Between 2012 and 2013, 35.9 million people 1 year and over living in the United States moved to a different residence. The mover rate for this period was 11.7 percent. Why did these people move? As displayed in Figure 1, housing-related reasons were the most popular response with 17.2 million (48.0 percent). Family-related reasons were the second most selected choice with 30.3 percent, followed by job-related (19.4 percent) and other (2.3 percent).
These data come from the 2013 Annual Social and Economic Supplement (ASEC) of the Current Population Survey (CPS). The 2013 ASEC questionnaire had a list of 18 common reasons for moving, with an additional option to write-in reasons that did not fit into any of the predetermined choices. All of the individual reasons can be collapsed into four major reason for move categories: family-related, employment- related, housing-related, and other.
This report contains an in-depth look at the most recent reason for move data available. Using estimates from the 2013 ASEC, cross tabulations of collapsed reason for move categories are analyzed by selected characteristics. In this report, these characteristics include sex, age, race and Hispanic origin, educational attainment, marital status, labor force status, and type of move with distance moved incorporated. Next, an analysis focusing exclusively on householders is conducted. Householders are isolated in order to remove the influence of other family members who could be assigned the householder’s reason for move, thereby inflating estimates. In the third section, historical reason for move data are used to identify if any significant fluctuations are observed in the data over time. The last segment of the report contains a comparison of 2011 ASEC reason for move estimates with those from the 2011 American Housing Survey (AHS). An appendix containing information on changes to the response categories over time and how write-in responses are handled concludes this report.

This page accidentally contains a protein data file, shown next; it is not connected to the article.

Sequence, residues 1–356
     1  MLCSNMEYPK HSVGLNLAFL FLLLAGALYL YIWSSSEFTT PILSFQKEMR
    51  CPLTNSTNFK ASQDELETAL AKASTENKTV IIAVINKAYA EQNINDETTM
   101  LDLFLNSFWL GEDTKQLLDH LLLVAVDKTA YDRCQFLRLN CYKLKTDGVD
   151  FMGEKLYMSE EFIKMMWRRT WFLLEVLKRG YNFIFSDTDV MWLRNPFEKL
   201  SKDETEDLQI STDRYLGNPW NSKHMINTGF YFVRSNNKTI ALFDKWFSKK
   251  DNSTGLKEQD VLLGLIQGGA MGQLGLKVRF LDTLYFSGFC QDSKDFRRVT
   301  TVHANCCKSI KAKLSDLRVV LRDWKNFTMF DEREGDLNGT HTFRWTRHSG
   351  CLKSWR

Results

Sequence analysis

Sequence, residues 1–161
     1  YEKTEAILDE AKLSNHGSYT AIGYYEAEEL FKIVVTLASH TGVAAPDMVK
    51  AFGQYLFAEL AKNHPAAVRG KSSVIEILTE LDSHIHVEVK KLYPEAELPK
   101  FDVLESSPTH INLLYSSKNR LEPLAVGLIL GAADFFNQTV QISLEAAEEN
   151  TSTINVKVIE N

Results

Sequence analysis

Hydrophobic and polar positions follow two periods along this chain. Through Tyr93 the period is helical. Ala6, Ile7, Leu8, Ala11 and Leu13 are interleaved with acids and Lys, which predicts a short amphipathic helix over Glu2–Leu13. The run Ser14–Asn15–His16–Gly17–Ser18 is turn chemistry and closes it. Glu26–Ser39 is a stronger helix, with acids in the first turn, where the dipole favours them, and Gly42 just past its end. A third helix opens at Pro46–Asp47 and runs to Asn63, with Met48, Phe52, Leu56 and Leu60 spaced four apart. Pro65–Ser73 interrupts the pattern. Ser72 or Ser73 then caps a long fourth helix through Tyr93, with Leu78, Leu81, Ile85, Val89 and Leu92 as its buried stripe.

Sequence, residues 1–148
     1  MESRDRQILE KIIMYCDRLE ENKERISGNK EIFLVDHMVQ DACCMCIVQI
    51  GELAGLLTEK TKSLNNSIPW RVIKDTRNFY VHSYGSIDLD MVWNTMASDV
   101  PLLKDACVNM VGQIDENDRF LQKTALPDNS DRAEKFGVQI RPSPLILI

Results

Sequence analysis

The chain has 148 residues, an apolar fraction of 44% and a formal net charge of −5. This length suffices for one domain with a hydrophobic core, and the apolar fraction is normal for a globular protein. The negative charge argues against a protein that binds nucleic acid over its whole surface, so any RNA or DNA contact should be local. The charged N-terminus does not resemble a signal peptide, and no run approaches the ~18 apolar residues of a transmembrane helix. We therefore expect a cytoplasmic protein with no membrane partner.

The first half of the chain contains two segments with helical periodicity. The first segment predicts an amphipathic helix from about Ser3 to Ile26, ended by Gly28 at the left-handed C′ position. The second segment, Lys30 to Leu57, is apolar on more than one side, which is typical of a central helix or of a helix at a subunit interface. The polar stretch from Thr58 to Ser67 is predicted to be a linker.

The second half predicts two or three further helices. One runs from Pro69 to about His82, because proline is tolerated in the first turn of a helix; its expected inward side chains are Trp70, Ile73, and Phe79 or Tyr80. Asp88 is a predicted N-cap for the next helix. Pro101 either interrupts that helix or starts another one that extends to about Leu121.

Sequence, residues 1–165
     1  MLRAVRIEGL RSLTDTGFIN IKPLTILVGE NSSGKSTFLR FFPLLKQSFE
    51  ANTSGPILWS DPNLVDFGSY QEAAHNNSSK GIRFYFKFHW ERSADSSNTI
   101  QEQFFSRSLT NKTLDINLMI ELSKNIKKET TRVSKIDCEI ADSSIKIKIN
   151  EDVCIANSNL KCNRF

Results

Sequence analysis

Others in Series
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